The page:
Sometimes for availability purposes, it is necessary to ensure the MDT database is clustered to allow failover in case of a server failure or maintenance event. There are a few things that you want to keep in mind when you decide to do this:
1. The SQL Browser service is NOT cluster-aware. This means if you put the database on a named instance of SQL, when clients request a connection to the SQL Cluster IP, the node IP will respond. This makes the Windows Firewall in Vista, Win7 and even Windows PE regard the traffic as unsolicited and hence blocks it. You can add an exception to all of your Full OS clients, however WinPE does not allow you to customize the firewall and you would have to shut the entire firewall off – this is not recommended. The best way to resolve this is to ensure that the MDT Database is on the DEFAULT INSTANCE and does not need to use the SQL Browser service.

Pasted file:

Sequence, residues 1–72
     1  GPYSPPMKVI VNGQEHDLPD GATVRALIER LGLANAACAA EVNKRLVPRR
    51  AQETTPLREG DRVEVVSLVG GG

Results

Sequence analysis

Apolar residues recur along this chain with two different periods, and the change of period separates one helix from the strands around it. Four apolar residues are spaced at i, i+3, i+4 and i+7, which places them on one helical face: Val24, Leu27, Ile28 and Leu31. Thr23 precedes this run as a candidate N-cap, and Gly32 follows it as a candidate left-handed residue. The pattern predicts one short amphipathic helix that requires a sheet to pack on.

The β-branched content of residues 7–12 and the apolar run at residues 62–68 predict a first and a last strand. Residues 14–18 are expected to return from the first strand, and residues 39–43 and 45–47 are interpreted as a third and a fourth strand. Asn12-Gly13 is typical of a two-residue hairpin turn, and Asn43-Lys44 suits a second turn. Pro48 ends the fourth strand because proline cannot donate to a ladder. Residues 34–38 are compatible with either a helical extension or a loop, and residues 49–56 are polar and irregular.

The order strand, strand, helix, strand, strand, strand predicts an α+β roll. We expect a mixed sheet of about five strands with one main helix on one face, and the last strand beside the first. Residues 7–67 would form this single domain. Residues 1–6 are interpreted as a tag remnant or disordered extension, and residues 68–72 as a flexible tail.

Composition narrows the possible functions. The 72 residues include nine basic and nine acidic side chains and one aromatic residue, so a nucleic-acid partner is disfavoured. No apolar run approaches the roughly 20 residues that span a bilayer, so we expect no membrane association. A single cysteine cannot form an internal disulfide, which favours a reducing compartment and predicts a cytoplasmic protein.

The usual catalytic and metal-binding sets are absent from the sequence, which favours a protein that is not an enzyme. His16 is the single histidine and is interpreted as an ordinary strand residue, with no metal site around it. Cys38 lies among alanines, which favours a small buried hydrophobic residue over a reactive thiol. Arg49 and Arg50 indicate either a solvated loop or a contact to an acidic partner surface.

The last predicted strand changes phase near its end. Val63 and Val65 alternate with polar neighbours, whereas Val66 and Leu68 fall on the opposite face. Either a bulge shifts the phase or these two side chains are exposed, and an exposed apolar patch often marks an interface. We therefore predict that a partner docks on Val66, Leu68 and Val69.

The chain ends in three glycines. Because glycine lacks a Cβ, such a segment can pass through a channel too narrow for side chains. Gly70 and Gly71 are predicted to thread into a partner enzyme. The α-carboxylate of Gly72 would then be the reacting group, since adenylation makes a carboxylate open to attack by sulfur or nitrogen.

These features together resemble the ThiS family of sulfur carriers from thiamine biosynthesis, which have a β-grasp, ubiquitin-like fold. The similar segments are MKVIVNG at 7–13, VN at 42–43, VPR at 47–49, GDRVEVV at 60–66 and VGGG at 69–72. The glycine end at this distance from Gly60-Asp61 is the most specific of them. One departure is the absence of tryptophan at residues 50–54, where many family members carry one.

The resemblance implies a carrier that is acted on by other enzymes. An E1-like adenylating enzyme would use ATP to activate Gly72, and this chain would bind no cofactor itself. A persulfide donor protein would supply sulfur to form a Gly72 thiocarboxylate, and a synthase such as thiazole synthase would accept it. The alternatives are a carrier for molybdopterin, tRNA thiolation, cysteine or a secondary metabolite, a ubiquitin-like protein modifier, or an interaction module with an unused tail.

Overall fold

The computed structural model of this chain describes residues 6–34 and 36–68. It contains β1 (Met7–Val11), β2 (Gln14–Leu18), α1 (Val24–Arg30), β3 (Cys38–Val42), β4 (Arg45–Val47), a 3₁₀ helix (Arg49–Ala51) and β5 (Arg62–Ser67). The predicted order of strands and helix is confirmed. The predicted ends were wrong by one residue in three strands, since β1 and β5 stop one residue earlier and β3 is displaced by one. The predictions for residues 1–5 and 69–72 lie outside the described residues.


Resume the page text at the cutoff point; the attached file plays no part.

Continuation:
2. MDT Authentication share. In order to check windows authentication to the SQL Server, MDT attempts to connect to a Windows Share on the box. In a cluster, you can set this share up as a cluster resource. Ensure that the cluster resource fails over with the MDT database, i.e. is part of the same group. Also make sure that the network access account has access to the share and DB Reader access to the database. If you are not using windows authentication, ensure that you include DBID and DBPW fields in your queries.
3. Use the Cluster name in CustomSettings.ini. In the CustomSettings.ini file, ensure that the name you use for the SQLServer property in each query is the cluster name – do not specify an Instance Name.
4. Named Pipes – Ensure that you have named pipes set up on your SQL Server.
Note that this post covers clustering the MDT database only. You can follow LTI – Following Daniel’s excellent advice on clustering the resource of the Distribution Share http://blogs.technet.com/deploymentguys/archive/2008/03/31/up-ping-the-uptime-of-your-lite-touch-server.aspx you can ensure that this resource is also on the same group as the MDT Database.
Happy clustering :).
This post was contributed by Aly Shivji a consultant with Microsoft Services – U.S. East Region.